A flood of water was what it appeared at the outset – and a ‘flood of tears’ what it really was in the end. A year after the 2016 floods – and 13 years after the 2004 Tsunami -, we were mercilessly tested for the ‘Aqua Challenge’ once more and it exposed our readiness deficiencies [...]

Business Times

‘Seven Trails’ – Natural Disaster Readiness for Corporates


A flood of water was what it appeared at the outset – and a ‘flood of tears’ what it really was in the end.

A year after the 2016 floods – and 13 years after the 2004 Tsunami -, we were mercilessly tested for the ‘Aqua Challenge’ once more and it exposed our readiness deficiencies too.

Flash floods could be our recent most focal-point, but protection from natural disasters is a discipline of a much wider spectrum.

Corporates need to capture meaningful learning from every natural tragedy, no matter how random the event appears to befall. The business must be ready – not ‘if’ – ‘when’ upheaval hits us out of the blue.

Trail 1: Site:

Certain corporates realize that over-dependency on yet maturing state disaster response and recovery mechanism is not the finest path to tread. One such stretch-sighted and responsible business here started its disaster management preparedness at the site itself.

The water risk, windstorm risk, tremor risk and natural fire risk were a few things that the investing management was focusing at the project conceptualization stage. Not every business, every site will have the luxury of this modality constantly, but at all possible times, site risks need to be well calculated.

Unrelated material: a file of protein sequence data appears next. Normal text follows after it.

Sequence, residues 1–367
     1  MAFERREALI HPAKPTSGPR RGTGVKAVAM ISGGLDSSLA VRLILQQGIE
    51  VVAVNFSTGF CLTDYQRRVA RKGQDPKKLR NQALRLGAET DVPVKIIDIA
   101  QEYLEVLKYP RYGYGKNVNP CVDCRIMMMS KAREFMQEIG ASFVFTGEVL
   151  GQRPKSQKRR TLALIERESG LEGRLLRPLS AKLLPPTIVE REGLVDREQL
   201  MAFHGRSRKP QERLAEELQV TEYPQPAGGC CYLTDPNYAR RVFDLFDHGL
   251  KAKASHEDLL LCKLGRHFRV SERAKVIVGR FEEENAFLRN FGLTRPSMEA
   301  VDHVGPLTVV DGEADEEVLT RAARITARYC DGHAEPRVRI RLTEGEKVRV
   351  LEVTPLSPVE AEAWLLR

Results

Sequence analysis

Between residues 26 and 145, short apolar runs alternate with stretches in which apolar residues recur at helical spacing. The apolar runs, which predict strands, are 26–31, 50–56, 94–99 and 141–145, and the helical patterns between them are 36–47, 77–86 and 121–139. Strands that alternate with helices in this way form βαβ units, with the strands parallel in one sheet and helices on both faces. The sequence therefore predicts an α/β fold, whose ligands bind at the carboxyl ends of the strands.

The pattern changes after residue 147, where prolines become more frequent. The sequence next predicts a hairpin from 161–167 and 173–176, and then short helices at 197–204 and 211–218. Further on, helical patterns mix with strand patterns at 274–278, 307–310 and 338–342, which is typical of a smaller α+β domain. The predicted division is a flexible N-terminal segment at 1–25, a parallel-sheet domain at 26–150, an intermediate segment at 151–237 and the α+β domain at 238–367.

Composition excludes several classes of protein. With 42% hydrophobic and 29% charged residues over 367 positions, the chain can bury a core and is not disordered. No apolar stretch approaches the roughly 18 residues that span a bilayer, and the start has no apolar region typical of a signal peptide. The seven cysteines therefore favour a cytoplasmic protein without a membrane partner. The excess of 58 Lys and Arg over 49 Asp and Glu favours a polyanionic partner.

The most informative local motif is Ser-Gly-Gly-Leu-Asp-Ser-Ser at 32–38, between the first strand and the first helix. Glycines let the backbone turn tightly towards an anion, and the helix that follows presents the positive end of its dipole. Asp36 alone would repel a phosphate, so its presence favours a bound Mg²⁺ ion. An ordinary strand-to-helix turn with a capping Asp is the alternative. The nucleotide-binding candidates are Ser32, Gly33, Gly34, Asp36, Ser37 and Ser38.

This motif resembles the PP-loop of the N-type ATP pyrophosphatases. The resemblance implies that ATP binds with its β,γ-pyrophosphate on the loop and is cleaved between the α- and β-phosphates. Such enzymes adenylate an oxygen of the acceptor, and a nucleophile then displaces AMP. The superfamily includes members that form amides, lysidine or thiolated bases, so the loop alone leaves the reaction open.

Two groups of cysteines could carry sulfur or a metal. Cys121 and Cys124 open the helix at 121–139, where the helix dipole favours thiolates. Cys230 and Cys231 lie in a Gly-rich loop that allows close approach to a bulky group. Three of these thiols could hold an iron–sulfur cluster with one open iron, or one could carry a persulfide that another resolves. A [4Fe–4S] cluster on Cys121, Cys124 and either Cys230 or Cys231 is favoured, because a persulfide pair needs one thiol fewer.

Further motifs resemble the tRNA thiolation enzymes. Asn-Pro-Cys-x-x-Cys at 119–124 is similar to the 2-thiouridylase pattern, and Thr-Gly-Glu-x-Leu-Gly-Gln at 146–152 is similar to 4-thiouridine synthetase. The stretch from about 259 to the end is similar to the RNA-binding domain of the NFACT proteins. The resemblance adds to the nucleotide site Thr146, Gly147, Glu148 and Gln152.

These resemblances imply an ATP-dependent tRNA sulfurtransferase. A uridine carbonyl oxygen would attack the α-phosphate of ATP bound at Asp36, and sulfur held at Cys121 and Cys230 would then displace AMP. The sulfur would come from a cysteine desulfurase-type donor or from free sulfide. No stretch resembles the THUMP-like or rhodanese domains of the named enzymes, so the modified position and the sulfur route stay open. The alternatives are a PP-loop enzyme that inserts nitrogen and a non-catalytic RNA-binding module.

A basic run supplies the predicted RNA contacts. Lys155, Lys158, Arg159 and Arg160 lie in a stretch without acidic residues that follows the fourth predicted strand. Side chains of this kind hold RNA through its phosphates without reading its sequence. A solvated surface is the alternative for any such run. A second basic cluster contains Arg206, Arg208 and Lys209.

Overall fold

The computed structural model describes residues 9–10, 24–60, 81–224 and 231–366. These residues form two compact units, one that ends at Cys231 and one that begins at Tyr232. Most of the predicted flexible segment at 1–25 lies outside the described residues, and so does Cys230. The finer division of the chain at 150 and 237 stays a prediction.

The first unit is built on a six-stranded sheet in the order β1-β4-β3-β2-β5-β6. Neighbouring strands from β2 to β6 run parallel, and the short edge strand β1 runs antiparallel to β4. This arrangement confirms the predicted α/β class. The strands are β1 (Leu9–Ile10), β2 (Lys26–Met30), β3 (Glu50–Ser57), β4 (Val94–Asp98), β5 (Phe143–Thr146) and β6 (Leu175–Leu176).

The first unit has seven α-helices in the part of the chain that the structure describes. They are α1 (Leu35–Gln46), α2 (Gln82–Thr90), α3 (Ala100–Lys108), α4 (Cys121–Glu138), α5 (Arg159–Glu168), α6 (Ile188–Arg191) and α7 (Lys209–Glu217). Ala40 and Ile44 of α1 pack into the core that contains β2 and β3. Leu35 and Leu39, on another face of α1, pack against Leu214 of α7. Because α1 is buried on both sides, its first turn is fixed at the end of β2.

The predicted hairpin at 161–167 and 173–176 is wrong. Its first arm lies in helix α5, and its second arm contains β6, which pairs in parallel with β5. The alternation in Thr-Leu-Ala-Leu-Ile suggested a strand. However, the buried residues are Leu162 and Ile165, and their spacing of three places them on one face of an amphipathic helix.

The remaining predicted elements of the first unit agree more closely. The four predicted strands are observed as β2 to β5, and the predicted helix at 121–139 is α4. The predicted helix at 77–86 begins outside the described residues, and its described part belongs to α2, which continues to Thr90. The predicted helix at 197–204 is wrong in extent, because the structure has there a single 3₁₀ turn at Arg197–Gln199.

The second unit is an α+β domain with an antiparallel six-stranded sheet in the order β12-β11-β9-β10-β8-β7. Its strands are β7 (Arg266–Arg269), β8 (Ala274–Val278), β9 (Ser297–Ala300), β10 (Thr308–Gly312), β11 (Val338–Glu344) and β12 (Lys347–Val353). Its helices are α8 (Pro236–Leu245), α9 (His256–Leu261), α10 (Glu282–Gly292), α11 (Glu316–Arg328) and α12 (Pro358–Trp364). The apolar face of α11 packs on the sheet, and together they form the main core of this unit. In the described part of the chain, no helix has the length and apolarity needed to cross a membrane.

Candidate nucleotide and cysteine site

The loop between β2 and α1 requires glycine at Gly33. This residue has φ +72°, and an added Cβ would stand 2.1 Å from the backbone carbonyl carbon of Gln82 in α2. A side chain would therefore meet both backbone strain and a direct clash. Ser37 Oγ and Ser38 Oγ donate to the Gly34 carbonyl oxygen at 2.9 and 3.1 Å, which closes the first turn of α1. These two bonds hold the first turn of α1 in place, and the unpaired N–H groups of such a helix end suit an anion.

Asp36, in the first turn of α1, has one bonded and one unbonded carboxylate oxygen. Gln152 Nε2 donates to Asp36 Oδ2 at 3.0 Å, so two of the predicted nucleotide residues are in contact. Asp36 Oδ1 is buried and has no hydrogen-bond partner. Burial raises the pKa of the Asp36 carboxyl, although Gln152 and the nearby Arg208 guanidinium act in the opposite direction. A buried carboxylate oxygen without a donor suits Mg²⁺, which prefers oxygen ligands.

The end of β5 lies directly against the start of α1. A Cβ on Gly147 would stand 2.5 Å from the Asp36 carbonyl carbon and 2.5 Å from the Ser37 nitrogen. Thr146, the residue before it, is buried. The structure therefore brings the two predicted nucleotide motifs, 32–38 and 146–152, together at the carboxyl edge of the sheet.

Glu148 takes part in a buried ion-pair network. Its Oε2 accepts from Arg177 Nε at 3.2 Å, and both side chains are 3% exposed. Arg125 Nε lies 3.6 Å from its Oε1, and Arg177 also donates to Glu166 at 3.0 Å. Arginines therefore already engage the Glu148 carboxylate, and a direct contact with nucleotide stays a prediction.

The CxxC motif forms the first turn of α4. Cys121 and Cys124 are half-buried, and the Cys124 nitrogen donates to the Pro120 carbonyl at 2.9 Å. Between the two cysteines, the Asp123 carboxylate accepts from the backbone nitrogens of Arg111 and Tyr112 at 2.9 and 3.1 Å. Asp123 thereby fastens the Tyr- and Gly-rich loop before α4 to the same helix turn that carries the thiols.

Trail 2: Fortification:

The blueprint stage of the design should incorporate the applicable Water Barriers, Wind Barriers and Fire Gapping – both in the structural zone and in the landscape. The core objective of the fortification is to mitigate the impact of the initial moments so that a reasonable lifesaving and asset saving time is created.

Natural disaster risk factors become challenging when sites are taken on leased basis where space for choices gets slimmer. Sometimes, operating next to a potential disaster zone becomes inevitable too for assorted reasons. Yet, a business can make fortification meaningful by continuous impact mitigation improvements and status verification.

Trail 3: Planning:

‘When in peace – plan for war. When in war – plan for peace’ said Sun Tzu. This ancient adage serves gold in planning for natural disasters too. We ought to prepare for rain while enjoying bright sunshine.

Disasters bring madness – and response planning is our effort in creating some method to madness.

Natural disaster response planning takes a diverse approach for stand-alone sites and countrywide networked sites. Sometimes a business site may be producing an essential commodity or engaged in time critical export operation or providing a key utility across the territory.

Disaster trend comprehension and calamity monitoring need to be a dedicated round the clock commitment linked with effective alerting and emergency communication looping.

The immediate response plan should be focusing on life safety where it may require rush-appropriate egress of occupants – be it staff, customers, guests, disabled or visitors to pre-determined refuge points. The rescue of the trapped needs to be planned with specific external action agencies.